“In my mind, this full-time RVing lifestyle is one of the best ways to live free and independent. The feeling of traveling down the road as the sun peaks over the horizon, with my house on wheels and everything I need or want, heading to a new location, is so wonderfully exhilarating,” enthuses Martin. “I meet new people and make new friends everywhere I travel. I usually get gigs at restaurants or pubs along the way, and I love to play for RV groups when we gather together. I can choose the desert, the mountains, a lake, the ocean, a city, a small town or out in the middle of nowhere, and be perfectly happy.”
Martin also wants to share with the readers that it is very important to be flexible. “Things break down,” he says, but it can be fixed and it’s a great feeling not relying on anyone or anything for survival. Independence naturally breeds confidence and confidence supports growth as individuals.
The stereotypical RVer is often seen as a retired individual who has worked for years and is now free to go and do as they please. There are thousands of Over 55 communities in the southwest that are especially for these travelers to experience comfort and adventure on the road with others who have similar interests.
Sue and Jack Shuckhart spent 12 years on the road, wintering in Phoenix for five months and out on the trail for the other seven ( They began planning their adventures two years before official retirement and included four of their dear friends on the journey. The “six pack” worked together by assigning research projects in an effort to prepare for this journey of a lifetime. These friends bought three matching motorhomes and used a democratic approach to identifying destinations and activities. “We had enough people to make it interesting, yet it was small enough to plan and have back-up. It can be scary traveling in unchartered territory,” says Sue. “The best part is traveling with friends who have your back.”
For Shuckhart, she realized that life on the road gave her more clarity about what was really important to her. When traveling in a small space with another human being, you must decide what is important and what you can let go. The “little stuff” just doesn’t matter. Although their 36-footers and the “dinghy” or car they towed on the back seemed like a lot of space, one cannot underestimate when traveling with another person how important it is to have room—if the budget can withstand it.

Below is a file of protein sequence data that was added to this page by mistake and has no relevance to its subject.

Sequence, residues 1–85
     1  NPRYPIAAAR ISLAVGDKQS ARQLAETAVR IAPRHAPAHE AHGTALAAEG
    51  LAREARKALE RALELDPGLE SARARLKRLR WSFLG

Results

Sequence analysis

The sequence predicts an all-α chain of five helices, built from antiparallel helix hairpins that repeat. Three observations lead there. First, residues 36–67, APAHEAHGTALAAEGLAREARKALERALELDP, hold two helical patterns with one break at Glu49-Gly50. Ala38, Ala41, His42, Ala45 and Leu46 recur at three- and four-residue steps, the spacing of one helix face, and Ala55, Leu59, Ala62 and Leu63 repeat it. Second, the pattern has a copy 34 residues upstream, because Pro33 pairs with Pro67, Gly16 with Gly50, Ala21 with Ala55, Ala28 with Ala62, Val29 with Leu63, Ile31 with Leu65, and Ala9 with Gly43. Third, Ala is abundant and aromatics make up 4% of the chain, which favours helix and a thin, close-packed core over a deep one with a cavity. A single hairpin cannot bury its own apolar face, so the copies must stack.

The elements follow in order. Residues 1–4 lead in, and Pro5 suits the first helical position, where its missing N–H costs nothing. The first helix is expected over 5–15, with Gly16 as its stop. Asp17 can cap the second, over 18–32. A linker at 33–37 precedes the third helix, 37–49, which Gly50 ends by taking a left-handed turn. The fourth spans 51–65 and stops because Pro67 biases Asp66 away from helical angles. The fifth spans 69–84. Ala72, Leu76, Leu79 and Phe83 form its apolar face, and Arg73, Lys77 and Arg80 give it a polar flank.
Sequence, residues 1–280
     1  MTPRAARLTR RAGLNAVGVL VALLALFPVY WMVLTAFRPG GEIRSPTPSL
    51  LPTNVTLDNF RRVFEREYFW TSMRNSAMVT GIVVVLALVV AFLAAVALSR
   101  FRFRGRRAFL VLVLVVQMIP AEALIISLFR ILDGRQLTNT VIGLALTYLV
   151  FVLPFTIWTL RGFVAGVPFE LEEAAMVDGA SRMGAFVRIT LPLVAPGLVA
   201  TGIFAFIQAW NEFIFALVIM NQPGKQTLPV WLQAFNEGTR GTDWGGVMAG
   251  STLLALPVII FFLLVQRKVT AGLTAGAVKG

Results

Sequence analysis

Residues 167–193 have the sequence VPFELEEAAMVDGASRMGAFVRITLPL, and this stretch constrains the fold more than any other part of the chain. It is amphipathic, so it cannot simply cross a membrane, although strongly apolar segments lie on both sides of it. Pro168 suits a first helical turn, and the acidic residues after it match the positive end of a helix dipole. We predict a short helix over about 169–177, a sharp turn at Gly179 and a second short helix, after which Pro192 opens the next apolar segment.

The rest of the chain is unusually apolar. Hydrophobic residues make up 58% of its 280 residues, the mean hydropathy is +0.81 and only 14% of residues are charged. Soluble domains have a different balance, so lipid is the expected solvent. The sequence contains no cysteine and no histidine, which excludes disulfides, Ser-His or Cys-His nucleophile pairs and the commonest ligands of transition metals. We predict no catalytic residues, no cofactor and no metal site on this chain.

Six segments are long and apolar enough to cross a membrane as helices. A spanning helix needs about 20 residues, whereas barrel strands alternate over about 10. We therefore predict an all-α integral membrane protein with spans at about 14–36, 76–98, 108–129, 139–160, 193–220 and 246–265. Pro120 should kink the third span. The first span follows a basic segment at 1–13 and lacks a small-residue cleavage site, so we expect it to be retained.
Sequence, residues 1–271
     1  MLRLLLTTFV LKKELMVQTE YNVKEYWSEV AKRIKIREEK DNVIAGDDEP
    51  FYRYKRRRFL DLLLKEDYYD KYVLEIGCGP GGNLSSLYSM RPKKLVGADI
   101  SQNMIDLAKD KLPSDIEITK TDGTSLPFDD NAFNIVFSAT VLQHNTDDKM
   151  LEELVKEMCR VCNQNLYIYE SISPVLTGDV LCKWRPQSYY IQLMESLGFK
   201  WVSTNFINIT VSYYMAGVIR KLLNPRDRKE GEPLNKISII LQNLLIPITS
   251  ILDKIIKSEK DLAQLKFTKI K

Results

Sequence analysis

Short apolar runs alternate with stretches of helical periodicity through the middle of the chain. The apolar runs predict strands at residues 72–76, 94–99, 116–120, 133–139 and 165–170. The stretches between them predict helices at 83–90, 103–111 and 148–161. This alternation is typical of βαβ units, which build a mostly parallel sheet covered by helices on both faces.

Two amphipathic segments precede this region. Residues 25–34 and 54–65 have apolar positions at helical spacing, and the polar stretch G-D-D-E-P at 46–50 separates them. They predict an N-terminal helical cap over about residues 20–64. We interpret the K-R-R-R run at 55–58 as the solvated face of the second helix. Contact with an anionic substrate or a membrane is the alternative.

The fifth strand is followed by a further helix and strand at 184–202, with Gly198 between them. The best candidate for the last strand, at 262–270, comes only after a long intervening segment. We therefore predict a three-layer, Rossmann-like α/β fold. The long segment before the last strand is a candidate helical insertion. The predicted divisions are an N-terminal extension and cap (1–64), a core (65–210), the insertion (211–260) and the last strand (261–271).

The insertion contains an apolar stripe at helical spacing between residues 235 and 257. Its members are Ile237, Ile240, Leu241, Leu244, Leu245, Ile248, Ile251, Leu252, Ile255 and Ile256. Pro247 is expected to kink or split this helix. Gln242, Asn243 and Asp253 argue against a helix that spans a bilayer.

Another important reflection of their lives during this time was that everyone is of equal status.  There are doctors, rocket scientists, mailmen and every walk of life, “but it doesn’t matter what you did before, because everyone is the same now.” The Shuckharts have made “friends for life” from every state. They have stayed in contact with many since the beginning of their journey in 2006. “We all had personal cards with our pictures that we passed out,” says Shuckhart. “My stack is at least a foot high!”
Regardless of the millions of travelers and their individual stories, the desire for adventure and freedom will remain. As the world continues to rethink its future and reshape itself from the recent pandemic, our creativity as a people to find new ways of living will endure. Martin says, “If I wake up in the morning and feel like a change, then I hook up my rig, pack everything away and begin a new adventure.”

Tavi Meketon, MBA, SPHR is a local author and business executive who focuses on supporting individuals and organizations through proactive strategies and comprehensive solutions. Connect at [email protected].